Making Science Public: Challenges and Opportunities

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Making Science Public:
Challenges and Opportunities

 

A five-year research programme funded by the Leverhulme Trust (2012-2018) looking at the challenges involved in making science public; making public science; making science in public; making science more public; making science private...How are such activities changing the relationship between science, politics and publics, and what are the normative implications for problems relating to political legitimacy, scientific authority and democratic participation? 

This research is carried out within the Institute for Science and Society

News

Between 2012 and 2018 the School of Sociology and Social Policy hosted a research programme funded by the Leverhulme Trust: 'Making Science Public'. This programme was directed by Professor Brigitte Nerlich, now Emeritus, between 2012 and 2016, and by Dr Sujatha Raman, now working at the Australian National University in Canberra, between 2016 and 2018. If you want to know more about the programme, you can now read highlights from our final report.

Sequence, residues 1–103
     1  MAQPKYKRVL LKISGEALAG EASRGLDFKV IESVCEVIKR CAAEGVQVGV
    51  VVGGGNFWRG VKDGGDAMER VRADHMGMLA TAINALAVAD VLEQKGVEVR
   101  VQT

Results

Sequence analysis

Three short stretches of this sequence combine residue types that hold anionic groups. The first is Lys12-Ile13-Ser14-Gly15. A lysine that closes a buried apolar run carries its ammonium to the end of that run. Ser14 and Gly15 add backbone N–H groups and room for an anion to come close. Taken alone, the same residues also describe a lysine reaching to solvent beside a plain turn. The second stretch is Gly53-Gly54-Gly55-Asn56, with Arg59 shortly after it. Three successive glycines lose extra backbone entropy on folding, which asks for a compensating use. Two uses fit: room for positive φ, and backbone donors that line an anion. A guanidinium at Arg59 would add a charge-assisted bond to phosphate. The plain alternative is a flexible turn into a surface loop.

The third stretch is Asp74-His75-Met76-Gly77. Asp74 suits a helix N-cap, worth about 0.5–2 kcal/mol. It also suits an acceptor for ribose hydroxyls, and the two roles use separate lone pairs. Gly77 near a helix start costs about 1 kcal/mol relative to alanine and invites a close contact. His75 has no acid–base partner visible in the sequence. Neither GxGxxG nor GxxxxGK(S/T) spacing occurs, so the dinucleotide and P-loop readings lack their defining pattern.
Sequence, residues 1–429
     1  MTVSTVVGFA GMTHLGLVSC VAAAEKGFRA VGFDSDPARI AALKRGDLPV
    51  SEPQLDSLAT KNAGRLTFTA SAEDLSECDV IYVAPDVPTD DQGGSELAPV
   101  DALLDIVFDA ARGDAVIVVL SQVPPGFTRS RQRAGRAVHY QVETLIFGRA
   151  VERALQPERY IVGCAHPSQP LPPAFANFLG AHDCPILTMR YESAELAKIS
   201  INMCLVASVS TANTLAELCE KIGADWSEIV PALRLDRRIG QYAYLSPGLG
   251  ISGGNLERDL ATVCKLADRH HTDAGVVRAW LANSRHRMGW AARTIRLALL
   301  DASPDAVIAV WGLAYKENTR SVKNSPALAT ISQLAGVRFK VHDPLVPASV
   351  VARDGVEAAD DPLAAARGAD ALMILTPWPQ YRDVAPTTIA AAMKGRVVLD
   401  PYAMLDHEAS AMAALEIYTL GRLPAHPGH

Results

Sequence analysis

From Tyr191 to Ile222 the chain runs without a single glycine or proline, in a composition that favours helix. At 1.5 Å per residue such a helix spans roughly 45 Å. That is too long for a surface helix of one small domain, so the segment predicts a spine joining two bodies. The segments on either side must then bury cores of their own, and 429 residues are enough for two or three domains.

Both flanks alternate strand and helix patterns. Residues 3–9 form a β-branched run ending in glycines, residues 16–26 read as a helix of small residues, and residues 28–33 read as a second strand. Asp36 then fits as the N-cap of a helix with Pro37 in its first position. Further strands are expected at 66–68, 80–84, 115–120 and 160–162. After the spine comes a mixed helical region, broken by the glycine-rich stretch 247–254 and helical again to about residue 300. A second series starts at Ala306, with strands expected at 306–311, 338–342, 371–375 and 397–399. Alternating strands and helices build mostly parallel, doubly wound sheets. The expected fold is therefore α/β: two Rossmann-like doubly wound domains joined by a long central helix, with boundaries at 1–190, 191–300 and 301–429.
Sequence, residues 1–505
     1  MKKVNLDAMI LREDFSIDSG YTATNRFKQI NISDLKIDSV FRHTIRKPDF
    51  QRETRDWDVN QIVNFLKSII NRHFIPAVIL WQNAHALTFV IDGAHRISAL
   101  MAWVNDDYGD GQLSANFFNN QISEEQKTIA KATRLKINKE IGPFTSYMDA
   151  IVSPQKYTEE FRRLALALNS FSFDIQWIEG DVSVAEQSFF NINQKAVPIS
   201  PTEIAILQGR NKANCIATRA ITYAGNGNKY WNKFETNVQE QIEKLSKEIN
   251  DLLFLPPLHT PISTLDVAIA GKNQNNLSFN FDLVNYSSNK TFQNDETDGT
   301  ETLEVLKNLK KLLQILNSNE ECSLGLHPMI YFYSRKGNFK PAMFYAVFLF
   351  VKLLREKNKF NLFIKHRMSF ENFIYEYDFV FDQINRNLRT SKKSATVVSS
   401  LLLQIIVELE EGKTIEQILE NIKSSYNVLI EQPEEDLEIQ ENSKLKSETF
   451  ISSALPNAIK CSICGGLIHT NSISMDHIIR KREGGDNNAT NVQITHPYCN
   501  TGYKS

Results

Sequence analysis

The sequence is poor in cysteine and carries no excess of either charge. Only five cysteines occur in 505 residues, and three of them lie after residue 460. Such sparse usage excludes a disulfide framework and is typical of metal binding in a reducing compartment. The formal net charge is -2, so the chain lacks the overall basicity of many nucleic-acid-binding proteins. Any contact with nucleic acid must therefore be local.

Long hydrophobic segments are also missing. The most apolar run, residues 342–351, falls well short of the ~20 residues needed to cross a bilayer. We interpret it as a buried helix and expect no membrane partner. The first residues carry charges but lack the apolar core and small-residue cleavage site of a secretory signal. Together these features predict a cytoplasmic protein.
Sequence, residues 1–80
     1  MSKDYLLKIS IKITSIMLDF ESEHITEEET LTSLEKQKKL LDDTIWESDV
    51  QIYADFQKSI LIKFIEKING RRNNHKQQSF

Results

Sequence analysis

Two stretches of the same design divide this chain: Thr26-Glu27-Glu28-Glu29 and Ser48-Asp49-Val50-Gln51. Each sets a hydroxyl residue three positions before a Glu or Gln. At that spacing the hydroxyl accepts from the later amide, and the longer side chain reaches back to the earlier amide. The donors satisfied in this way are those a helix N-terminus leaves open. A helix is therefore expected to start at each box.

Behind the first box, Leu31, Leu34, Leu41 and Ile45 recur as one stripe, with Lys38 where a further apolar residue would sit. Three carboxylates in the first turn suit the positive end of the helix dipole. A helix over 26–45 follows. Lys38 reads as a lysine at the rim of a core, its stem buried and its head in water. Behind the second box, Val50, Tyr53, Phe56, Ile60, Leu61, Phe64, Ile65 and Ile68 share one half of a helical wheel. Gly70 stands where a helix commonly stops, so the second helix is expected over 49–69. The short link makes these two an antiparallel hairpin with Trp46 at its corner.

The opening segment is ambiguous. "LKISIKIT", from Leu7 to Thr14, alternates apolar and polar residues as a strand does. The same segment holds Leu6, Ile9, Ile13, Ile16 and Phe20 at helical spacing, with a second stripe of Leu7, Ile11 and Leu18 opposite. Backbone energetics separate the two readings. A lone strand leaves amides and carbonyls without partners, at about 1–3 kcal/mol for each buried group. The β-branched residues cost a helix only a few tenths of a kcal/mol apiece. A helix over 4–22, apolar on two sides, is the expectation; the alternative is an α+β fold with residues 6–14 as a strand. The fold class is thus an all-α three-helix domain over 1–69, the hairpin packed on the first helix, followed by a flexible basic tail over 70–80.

Research outputs

We have a variety of research outputs including journal articles, policy reports, books and book chapters, conference papers and a programme blog.

Contact

Dr Sujatha Raman

Director
Leverhulme Trust Research Programme: Making Science Public

+44 (0)115 846 7039
sujatha.raman@nottingham.ac.uk

 

Blog

Digging Deep into Stories in Science Communication

This book review was first published in SciComm Book reviews for the Public Understanding of Science Blog. It is reposted here with permission. I review two books: Bloomfield, E. F. (2024). Science v. Story: Narrative Strategies for Science Communicators. University of California Press. Seethaler, S. L. (2024). Beyond the Sage on the Stage: Communicating Science and Contemporary ...

The post Digging Deep into Stories in Science Communication appeared first on Making Science Public.

Milk, reservoirs and spillovers: Bird flu in cows

On 26 April my sister emailed me from the United States and said “I might have to go over to oat milk”. She was alarmed by reports that bits of bird flu virus had been found in pasteurised milk. She has not gone over to oat milk yet. It seems that there is almost no ...

The post Milk, reservoirs and spillovers: Bird flu in cows appeared first on Making Science Public.


Programme funded by:

Programme funded by The Leverhulme Trust in collaboration with the University of Warwick and the University of Sheffield.

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School of Sociology and Social Policy

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